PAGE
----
Is Transmission Cooler in Main Radiator Needed if I have Two Aux Coolers?

I have a 1999 Chevy Tahoe with the tow package. It's rated to tow up to 6,500 pounds. I usually do not tow but I periodically tow a 3,000 pound boat or a 5,000 pound travel trailer (not both at once, of course!). It had
a single external transmission cooler until a couple of months ago.
Long story made short: Transmission shop recommended and installed a second auxiliary transmission cooler -- for a total of three coolers including the one inside the main radiator -- because they suspected excessive transmission heating. A couple weeks later while towing the travel trailer the transmission failed (as in only neutral "worked"), and a lot of transmission fluid was found in the engine coolant overflow reservoir. Tranny shop bypassed the transmission cooler in the main radiator since it appeared to be leaking. So now I am not using the transmission cooler part of the main radiator and am instead using the TWO external transmission coolers. Transmission shop said I'm good to go now and suggested I stay away from using the main radiator's transmission cooler because a leak can ruin the transmission (as it did!). By using ONLY external coolers I'll never have to worry about THAT happening ever again, they said.
I took it to a radiator shop for a second opinion from their perspective. They said the transmission cooler in the main radiator is needed if I will ever drive in a cold climate because that is the only "cooler" that will actually *warm* the transmission fluid when needed. They also said that a leak in the main cooler is extremely rare, so I really shouldn't worry about that happening again once the existing main cooler is replaced.
So now I'm wondering what to do. My options are:
1. Leave it the way it is. Use just the two auxiliary transmission coolers and bypass the transmission cooler in the main radiator.
2. Replace the transmission cooler component of the main radiator and put it back in series with the two aux coolers. With this I'll have three tranny coolers as well as the risk of a future leak costing me another $2,500 in transmission repairs.
3. Same as #2 but disconnect one of the aux coolers (one person suggested to me that three coolers is not a good idea but I don't know why).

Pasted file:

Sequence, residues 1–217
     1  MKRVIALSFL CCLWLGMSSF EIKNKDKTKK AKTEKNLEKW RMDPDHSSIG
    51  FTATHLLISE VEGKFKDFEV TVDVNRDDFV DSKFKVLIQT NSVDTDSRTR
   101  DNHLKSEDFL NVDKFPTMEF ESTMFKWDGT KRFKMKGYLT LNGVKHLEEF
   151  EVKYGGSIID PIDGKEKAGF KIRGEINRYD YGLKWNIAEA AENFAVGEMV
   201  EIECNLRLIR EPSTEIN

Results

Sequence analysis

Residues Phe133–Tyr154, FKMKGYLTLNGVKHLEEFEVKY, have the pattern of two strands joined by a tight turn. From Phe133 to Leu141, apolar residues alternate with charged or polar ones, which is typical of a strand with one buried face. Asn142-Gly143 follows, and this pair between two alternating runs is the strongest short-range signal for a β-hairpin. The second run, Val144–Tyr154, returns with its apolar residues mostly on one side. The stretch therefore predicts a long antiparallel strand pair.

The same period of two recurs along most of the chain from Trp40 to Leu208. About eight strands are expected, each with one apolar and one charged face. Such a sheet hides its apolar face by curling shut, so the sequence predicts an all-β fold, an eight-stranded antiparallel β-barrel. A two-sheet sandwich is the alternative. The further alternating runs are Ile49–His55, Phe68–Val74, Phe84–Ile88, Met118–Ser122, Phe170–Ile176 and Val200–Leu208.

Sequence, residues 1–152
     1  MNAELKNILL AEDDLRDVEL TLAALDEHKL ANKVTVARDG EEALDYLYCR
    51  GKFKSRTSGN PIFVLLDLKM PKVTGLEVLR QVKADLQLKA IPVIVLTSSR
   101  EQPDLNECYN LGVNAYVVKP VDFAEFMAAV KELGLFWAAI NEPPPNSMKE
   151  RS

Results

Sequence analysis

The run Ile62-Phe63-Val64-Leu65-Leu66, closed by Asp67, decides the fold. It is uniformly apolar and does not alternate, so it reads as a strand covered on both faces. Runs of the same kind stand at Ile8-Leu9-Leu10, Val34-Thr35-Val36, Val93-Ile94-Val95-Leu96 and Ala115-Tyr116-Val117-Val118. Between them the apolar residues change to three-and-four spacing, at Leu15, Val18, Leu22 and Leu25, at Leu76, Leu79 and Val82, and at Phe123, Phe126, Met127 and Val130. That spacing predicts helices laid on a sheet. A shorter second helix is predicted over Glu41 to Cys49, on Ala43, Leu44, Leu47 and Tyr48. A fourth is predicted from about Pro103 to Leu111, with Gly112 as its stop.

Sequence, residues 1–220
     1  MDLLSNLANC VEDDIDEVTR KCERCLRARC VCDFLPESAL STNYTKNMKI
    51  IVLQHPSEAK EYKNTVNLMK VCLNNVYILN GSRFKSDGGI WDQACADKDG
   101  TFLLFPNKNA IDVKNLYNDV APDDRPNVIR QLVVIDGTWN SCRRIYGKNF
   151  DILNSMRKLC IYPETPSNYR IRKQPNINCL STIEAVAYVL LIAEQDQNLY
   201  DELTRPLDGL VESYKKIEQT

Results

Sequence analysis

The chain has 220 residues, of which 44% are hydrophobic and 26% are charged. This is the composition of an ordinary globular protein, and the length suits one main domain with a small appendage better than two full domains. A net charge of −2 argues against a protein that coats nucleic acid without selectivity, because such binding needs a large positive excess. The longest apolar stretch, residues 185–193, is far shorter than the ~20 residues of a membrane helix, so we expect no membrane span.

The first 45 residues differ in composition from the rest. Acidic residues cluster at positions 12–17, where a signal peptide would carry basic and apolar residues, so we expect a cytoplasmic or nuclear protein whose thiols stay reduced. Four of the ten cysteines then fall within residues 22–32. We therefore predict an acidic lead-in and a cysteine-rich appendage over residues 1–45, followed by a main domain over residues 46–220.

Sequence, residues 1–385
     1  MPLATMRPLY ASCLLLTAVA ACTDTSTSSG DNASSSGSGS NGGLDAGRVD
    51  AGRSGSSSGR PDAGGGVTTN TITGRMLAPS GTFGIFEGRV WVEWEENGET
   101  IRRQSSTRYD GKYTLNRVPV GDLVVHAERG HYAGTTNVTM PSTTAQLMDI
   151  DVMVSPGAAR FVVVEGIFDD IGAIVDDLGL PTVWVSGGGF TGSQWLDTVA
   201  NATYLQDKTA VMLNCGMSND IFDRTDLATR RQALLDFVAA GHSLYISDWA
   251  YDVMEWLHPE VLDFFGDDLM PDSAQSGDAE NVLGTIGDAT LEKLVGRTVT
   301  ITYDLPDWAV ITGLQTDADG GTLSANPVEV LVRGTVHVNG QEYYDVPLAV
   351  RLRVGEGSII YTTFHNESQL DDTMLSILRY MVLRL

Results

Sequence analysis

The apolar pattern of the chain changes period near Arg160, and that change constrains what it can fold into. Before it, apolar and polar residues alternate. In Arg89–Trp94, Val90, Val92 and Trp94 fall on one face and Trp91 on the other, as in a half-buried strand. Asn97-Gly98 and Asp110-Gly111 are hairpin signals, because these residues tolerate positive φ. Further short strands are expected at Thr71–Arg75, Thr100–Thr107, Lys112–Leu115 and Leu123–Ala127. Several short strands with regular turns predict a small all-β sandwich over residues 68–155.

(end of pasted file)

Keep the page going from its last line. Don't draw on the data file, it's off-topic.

What is your opinion? I live in a mild climate (Portland, Oregon) where it is usually above freezing and rarely more than a few degrees below freezing, but I sometimes do drive in the winter-time to much colder places (without towing).
I have a second question which I'll post separately.
--S. Miller
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leave it as is
the fluid coming out of the converter is usually at 200+, and doesn't need 'heating'

had
second
the
trailer
part
about
coolers
it
freezing,
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Conversely, if it resides in a cold climate, the transmission needs that heat to warm up properly. In the southern tier of states, I would also not bother.
-- Dave
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As I stated in the other post, you need to have the radiator guy clean and test the radiator and hook all those lines back up. If the transmission fluid didn't need warming in cold weather the auto makers would never run the lines through the radiator. You can listen to others that have never built a vehicle, or put it back the way it was built. Never before heard of needing 3 coolers in a line UNLESS the radiator was partially clogged.
Tom J

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"S. Miller" wrote:

According to my service manual, a 96 5.7L Chevy PU that comes from the factory with an aux cooler, has the fluid also routed through the cooler in the radiator. Make of that what you will.
--
bill
Theory don't mean squat if it don't work.
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FWIW: Because I have a huge aux. cooler in my class A, (The previous owner apparently needed it). and I don't tow anything, and never drive in high mountain terrains, I was concerned that maybe my tranny oil was not getting hot enough. So I asked Valvoline what was the "LOW" temperature limit on transmission fluid, under which operating a vehicle could damage a transmission. The answer I got was , and I quote: "... 30F.)
The answer was very short, with no other explanations. It leaves me to wonder if maybe, I did not ask the right question, or if there is more to it than that.
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